July 18th, 2017
koganbot: (Default)
Tweetstorm on why I don't say "neoliberalism." Potentially way more interesting post on this subject if I bring in hairstyle (not a pejorative) and hallway-classroom and real life. Someday.





















Music:: The Rolling Stones "I Don't Know Why"
nou: The word "kake" in a white monospaced font on a black background (Default)

I seem to have got involved in organising Queer Code London. We have a breakfast meet in Central London on Tuesday 1 August Tuesday 8 August, 7:30am-9am, and I’d love to see as many people there as possible.

The breakfast is free and includes vegetarian options, and the building is step-free accessible. You’ll need to join the Meetup group to see the location, but it's in Central London within a couple of minutes’ walk of a zone 1 station. Spaces are limited, so sign up ASAP.

No allies, please – this event is for queer coders only — but please pass this on as widely as you like.

July 17th, 2017
katstevens: (dogswim)
Le Raj, Epsom, London KT17
Evening crew!

This week's featured article is for Le Raj in Epsom, a fancy joint that's earned a spot in the Good Curry Guide. The takeaway prices are a bit lower but you'll have to come and get it yourself, as they don't deliver.

New to RGL but certainly not new to me is the Soldier's Return, the third best pub in Ickenham. It's changed a little since I was drinking cheap lager there in the '90s - the tie's changed from Courage to Greene King, and they've apparently got rid of the (really quite manky) carpet. Also new is Karachi Cuisine in Norbury, a child-friendly Pakistani restaurant that does an interesting-sounding traditional breakfast on weekends. Try the chickpeas!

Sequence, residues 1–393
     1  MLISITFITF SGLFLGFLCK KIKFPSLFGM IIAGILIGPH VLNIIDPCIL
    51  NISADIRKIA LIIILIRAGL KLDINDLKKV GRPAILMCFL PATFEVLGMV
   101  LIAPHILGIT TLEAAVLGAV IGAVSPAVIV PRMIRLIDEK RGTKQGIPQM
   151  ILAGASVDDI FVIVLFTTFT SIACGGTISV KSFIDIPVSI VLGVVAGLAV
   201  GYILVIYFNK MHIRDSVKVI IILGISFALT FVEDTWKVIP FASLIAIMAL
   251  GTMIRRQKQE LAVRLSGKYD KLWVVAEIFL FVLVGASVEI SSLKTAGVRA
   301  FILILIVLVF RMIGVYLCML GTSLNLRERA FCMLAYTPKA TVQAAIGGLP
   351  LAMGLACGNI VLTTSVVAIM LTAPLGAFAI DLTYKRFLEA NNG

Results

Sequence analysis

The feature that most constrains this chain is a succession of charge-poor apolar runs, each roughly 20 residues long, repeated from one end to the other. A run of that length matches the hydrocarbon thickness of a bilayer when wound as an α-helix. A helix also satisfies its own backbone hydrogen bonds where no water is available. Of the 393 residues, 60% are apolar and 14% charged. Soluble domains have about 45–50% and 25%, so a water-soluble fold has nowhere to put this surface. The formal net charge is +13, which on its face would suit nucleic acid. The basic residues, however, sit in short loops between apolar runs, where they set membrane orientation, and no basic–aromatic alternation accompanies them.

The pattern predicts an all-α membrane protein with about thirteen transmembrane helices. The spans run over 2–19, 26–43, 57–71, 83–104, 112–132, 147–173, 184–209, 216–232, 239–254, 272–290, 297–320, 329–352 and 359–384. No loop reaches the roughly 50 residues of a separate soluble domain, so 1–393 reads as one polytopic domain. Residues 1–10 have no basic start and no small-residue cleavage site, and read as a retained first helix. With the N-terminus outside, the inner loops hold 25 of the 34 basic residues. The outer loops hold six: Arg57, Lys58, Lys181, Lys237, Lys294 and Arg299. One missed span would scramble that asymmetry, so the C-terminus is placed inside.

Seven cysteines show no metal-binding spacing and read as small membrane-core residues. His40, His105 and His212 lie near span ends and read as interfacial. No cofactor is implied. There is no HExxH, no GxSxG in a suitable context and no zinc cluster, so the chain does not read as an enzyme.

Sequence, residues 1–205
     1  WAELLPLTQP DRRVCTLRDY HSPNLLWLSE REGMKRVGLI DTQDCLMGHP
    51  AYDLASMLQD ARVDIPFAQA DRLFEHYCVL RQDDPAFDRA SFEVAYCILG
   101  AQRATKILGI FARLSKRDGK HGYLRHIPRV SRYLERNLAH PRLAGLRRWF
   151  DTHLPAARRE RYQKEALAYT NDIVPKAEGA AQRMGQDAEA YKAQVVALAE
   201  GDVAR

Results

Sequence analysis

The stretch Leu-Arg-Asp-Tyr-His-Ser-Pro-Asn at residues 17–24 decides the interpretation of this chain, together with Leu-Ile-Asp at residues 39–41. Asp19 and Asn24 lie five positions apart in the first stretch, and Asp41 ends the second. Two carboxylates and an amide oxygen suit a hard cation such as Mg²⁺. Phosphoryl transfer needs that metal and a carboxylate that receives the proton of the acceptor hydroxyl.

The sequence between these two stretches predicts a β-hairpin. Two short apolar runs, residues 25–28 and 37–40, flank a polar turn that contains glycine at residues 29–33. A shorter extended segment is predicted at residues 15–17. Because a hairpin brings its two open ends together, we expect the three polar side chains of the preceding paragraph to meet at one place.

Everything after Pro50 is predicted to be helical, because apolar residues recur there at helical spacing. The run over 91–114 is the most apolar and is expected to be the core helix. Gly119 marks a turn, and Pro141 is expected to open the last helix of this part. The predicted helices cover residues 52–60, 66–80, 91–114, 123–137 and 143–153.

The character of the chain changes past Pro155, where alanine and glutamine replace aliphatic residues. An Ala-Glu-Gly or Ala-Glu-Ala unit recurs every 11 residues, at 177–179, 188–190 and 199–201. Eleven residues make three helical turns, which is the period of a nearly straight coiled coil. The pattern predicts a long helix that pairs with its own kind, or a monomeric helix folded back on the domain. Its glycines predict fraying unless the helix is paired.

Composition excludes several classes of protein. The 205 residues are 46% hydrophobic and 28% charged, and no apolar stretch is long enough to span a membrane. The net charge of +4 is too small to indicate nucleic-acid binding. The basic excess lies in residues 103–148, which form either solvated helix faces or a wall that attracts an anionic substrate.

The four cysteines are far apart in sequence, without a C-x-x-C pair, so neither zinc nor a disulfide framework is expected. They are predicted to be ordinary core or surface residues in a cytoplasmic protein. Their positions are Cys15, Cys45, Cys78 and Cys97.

Finally, the Michelin-starred Dabbous in Fitzrovia has shut. Apparently the team will be opening a new (hopefully less noisy) restaurant next year.
July 15th, 2017
mrs_leroy_brown: (Default)
posted by [personal profile] mrs_leroy_brown at 05:40pm on 15/07/2017 under
Frances Wray is a posh but poor former flapper living with her mother in a crumbling Champion Hill manor. With her brothers all killed in the war and her father's passing, Frances and Mrs Wray open their home to "paying guests" (much more genteel than "lodgers") to help pay the bills. Enter boorish Len Barber and his beautiful wife, Lilian. Illicit love blossoms and just when the women make up their minds to run away, tragedy strikes.

This was not the book I was expecting (in a good way!) - the second half kept me gripped with its anxious, urgent, page-turning tension. If you're looking for a hefty period novel, meticulously researched but never too do-you-see?-y, this is a great book to get lost in.
July 13th, 2017
nou: The word "kake" in a white monospaced font on a black background (Default)
posted by [personal profile] nou in [community profile] rglondon at 03:47pm on 13/07/2017 under ,

I've added a thing to let us hide long blurbs on locale/category pages, since although it's good to have this info, it can end up pushing the lists of actual things in the locale quite a long way down the page.

To make this work, enclose your blurb like so:

<div class="blurb">
My very wordy essay on the history of Harefield.
</div>

You can see this in action on the Ickenham locale page, which has a great but long blurb written by [personal profile] katstevens.

Comments welcome!